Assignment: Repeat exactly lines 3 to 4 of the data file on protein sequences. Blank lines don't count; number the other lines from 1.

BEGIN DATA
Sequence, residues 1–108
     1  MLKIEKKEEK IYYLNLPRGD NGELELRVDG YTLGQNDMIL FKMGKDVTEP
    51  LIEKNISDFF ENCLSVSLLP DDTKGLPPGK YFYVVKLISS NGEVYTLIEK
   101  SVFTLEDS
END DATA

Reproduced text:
    51  LIEKNISDFF ENCLSVSLLP DDTKGLPPGK YFYVVKLISS NGEVYTLIEK
   101  SVFTLEDS